This Is Your Brain On Peanut Butter
A couple of things have me thinking lately about memory loss. One is the renewed interest in a book called Still Alice, written by a neurobiologist named Lisa Genova. This affecting novel about a woman diagnosed with early-onset dementia was published four years ago, but seems to be enjoying a resurgent popularity. I finished reading it last month and definitely recommend it.
The second, more personal thing is my wretched performance in team bar trivia. I turned 40 in June, and my ability to recall stupid bits of information—like the name of a song—sure isn’t as iron-clad as it used to be. It’s gotten me fretting about mental deterioration.
So the other day I discovered the peanut butter test. Have you heard of this? It’s been all over the news of late. Researchers are claiming the inability to sniff out peanut butter is a predictor of early-onset Alzheimer’s, as sufferers show decreased sensitivity to odors.
Fearing the worst, but zealous for the truth, I decided to self-diagnose and drove to Walmart. I remembered I was going to Walmart after I found myself in the parking lot at King Soopers; but since they both sell peanut butter I figured no harm, no foul. I bought a 2-liter of Coke Zero and returned to the car. At that point I remembered I meant to buy some peanut butter, and went back in.
I soon broke into a heavy sweat. There were so many brands—Peter Pan, Skippy, Jif, Krogers, Planters, Smuckers. God, what if one wasn’t as strong as another? What if sniffing Peter Pan gave me a false-positive? I also wrestled over all the types: smooth, crunchy, unsalted creamy, no stir crunchy, chunky, extra chunky, nutty natural, all natural. Crap! With my mental health on the line, could I risk leaving any jar unopened? Choosy mothers may choose Jif, but I went to the cashier with 15 different jars heaped in my arms.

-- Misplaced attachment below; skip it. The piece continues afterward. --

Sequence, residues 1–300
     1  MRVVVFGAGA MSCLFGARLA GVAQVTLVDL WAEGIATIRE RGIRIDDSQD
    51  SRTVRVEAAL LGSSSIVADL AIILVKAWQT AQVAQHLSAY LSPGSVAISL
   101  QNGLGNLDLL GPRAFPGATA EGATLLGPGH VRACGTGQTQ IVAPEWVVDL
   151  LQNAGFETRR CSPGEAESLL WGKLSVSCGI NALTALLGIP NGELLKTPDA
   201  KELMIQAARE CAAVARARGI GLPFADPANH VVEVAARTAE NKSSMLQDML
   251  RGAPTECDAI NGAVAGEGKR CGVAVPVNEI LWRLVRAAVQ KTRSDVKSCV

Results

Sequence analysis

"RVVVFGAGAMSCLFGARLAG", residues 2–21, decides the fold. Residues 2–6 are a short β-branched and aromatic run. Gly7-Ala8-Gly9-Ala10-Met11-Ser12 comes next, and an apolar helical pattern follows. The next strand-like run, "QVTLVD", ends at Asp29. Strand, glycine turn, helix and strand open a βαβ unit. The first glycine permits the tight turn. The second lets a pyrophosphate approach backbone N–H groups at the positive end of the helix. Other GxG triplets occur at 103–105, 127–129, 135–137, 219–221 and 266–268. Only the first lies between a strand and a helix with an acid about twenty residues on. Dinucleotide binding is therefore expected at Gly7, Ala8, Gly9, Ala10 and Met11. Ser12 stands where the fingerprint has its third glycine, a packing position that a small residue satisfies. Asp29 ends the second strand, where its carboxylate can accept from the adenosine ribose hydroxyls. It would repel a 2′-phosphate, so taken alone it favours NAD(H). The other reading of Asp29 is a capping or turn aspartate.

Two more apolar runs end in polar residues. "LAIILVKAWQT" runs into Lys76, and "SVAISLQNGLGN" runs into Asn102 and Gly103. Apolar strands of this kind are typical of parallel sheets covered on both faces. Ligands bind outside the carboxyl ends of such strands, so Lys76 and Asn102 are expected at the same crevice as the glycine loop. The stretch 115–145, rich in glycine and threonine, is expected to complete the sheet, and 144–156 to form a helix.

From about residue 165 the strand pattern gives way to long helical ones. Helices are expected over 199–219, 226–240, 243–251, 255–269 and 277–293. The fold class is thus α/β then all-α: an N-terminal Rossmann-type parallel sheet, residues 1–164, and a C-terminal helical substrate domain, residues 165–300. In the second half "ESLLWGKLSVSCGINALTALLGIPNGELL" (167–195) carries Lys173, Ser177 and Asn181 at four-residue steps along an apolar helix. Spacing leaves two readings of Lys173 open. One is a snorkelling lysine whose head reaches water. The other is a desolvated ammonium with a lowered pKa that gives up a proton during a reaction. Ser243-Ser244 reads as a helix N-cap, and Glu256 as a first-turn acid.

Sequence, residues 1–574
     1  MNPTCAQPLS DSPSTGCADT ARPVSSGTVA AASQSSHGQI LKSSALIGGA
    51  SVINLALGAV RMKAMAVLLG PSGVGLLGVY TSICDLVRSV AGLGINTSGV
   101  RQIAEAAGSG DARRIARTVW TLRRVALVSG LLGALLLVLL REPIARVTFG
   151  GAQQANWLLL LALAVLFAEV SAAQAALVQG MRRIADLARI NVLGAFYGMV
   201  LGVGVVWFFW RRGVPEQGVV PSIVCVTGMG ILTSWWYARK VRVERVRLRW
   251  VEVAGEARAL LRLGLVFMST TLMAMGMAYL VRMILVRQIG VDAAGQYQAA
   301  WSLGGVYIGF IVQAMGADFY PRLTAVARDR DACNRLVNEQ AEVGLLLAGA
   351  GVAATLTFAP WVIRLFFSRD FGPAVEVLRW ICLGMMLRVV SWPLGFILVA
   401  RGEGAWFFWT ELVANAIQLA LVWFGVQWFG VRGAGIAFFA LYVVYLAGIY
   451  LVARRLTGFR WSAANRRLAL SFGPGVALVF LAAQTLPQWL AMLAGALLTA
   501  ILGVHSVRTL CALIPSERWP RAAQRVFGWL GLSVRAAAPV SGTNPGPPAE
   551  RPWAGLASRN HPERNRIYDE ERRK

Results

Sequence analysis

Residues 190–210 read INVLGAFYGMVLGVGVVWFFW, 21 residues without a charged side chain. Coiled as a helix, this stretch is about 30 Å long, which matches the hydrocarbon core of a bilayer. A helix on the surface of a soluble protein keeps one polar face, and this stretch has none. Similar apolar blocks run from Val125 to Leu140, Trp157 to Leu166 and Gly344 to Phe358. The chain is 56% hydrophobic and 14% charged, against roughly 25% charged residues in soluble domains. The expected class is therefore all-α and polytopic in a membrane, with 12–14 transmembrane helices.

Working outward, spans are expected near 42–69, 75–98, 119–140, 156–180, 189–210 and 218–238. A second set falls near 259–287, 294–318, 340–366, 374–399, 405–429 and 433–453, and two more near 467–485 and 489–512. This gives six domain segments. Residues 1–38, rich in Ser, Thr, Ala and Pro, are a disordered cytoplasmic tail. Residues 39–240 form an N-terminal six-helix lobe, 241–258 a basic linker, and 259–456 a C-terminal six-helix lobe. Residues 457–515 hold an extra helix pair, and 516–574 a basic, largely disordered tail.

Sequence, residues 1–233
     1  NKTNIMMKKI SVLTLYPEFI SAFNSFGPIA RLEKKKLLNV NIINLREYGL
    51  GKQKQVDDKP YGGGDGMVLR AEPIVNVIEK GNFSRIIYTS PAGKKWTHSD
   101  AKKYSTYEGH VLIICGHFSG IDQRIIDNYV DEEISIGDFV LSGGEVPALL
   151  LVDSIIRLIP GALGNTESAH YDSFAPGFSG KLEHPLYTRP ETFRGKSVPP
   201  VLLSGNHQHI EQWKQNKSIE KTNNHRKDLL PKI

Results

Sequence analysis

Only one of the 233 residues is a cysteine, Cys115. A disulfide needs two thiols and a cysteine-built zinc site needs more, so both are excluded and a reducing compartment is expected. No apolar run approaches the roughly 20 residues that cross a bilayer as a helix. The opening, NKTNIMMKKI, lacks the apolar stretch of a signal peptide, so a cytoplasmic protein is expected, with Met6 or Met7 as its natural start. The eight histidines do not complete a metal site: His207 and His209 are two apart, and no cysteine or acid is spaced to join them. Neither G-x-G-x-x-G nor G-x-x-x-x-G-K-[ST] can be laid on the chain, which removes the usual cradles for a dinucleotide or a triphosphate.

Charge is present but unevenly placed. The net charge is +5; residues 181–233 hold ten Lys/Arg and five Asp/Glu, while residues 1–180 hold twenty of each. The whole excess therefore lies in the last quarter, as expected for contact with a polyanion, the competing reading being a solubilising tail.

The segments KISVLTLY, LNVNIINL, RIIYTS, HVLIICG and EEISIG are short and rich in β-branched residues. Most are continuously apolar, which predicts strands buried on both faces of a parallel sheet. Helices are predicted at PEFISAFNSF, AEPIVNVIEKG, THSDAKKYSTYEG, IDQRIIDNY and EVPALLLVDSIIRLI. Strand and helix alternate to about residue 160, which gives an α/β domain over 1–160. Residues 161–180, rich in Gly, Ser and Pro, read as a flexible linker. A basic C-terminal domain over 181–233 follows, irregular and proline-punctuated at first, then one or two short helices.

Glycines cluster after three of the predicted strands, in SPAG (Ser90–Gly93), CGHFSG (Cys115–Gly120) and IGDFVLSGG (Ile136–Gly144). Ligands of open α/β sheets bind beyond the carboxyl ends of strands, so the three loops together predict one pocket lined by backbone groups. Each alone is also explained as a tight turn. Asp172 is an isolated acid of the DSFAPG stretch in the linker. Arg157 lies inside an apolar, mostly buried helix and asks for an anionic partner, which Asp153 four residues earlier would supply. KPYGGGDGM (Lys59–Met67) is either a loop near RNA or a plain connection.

Back in my kitchen, I wondered why I had all this peanut butter. Was I about to bake something? I hate cooking, and I don’t like peanut butter, so why would I combine two of my least favorite things into what figured to be a massive undertaking—based on the sheer number of jars on the table?
Whatever the reason, it could surely wait until morning. I went to bed and started reading this great new book called Still Alice. Did I tell you about it yet?